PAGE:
If you never got the chance to meet Richard J. Comer, you missed out on knowing a complex, wonderful man.

By engaging Comer, you would have learned something about yourself, others and life.

He passed away two weeks ago at the age of 87.

I got to know Comer on the political beat in Lake County. Although his obituary didn’t make mention, he was deputy mayor under the tenure of Gary Mayor Richard G. Hatcher.

In many respects, he was a voice of reason in an often turbulent administration.

Comer and I talked often over the years about issues facing all forms government. It was part of both of our jobs.

More often than not, those discussions became philosophical before they ended.

We didn’t solve all the world’s problems, but we sometimes felt we came close.

Comer was exceptionally bright, not just from what he learned from books but perhaps more so from what he learned from life. He had a smile that lit up every room he walked into and was respected by those who knew him.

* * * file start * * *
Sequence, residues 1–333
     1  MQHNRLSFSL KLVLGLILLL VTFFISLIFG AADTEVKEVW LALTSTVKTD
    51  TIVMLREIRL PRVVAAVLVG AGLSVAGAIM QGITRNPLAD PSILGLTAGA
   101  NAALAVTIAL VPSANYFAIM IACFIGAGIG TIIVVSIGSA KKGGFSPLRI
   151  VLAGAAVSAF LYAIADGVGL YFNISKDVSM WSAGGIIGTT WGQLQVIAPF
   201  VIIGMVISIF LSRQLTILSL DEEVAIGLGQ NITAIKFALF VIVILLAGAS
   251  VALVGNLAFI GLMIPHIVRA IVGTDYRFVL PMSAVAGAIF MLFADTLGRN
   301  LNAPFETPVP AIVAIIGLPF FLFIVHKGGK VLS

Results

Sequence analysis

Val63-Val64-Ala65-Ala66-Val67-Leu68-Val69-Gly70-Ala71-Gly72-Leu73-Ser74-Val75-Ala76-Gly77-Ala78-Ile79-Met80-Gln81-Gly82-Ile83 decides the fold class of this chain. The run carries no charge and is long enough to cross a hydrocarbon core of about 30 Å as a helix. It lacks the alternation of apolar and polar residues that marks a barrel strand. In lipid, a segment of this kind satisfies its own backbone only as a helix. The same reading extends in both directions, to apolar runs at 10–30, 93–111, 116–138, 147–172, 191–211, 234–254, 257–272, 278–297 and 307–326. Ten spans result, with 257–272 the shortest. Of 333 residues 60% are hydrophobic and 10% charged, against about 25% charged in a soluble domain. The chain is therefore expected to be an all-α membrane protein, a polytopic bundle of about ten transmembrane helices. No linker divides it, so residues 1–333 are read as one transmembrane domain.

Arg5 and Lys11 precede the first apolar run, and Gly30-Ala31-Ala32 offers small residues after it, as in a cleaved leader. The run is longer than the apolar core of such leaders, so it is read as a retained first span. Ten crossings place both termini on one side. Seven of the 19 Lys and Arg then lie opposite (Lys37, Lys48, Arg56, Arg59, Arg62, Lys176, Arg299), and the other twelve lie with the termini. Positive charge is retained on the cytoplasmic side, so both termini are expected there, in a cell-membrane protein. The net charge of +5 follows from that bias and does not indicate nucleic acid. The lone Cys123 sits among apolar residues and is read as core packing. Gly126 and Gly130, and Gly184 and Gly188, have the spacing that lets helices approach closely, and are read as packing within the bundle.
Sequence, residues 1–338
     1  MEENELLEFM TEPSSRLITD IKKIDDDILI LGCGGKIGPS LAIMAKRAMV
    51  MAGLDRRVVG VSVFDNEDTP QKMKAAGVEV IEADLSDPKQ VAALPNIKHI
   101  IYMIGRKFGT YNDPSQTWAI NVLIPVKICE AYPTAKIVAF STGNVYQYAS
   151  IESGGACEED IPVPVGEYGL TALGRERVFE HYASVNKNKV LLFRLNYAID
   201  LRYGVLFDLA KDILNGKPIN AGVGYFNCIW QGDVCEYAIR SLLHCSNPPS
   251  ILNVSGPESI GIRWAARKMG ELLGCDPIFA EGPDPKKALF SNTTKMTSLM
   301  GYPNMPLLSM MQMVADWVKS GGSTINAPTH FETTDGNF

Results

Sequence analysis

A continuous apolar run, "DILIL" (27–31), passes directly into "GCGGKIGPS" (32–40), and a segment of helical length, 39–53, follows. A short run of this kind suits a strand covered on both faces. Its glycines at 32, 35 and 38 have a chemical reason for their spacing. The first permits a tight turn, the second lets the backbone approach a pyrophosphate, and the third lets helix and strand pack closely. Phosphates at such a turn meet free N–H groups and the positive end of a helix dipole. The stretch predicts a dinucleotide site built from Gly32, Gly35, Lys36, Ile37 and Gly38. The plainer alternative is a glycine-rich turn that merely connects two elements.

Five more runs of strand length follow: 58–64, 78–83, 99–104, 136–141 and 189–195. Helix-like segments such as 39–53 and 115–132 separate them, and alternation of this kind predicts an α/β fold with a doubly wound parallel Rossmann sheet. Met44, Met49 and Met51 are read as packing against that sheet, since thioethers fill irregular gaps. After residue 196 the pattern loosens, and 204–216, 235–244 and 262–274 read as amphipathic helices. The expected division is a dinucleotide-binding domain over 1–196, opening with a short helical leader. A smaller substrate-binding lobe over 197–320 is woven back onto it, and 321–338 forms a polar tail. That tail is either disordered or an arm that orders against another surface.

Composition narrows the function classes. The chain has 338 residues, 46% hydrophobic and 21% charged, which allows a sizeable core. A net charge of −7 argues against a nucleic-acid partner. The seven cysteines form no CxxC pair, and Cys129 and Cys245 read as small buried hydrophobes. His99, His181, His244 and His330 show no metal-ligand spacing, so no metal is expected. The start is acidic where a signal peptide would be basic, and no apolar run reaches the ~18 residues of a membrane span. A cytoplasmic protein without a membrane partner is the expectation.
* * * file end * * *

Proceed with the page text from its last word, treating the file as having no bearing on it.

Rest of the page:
I hadn’t talked to him for the last decade or so, but there’s no doubt in my mind he kept reading and writing. Someone correctly called him a “lifelong learner.”

He earned degrees from Purdue University in engineering and Indiana University in public administration. Those degrees came after graduating from Froebel High School and a stint in the U.S. Army.

Besides being deputy mayor of the city that he loved, Comer was dedicated to enhancing the lives of others, especially working to keep young professionals in the city.

He helped people get into college and then worked to bring them back home.

Few had a better grasp of the King’s English. All his verbs agreed with their subjects. And when he used adjectives, they always painted a vivid picture.

When I think of Comer, I almost always go back to a story that was passed on to me by an administrator in the Lake County Government Center.

The administrator was on the up escalator, and Comer was headed down.

As the two got next to each other, he said, “Hey lady, how are you doing?”

“I’m doing really good,” she responded.

“You mean you’re doing really well,” Comer said.

That, my friends, was the essence of Richard Comer.

Rich James has been writing about state and local government and politics for more than 30 years. Email him at rjamescolumns@gmail.com. The opinions are the writer’s.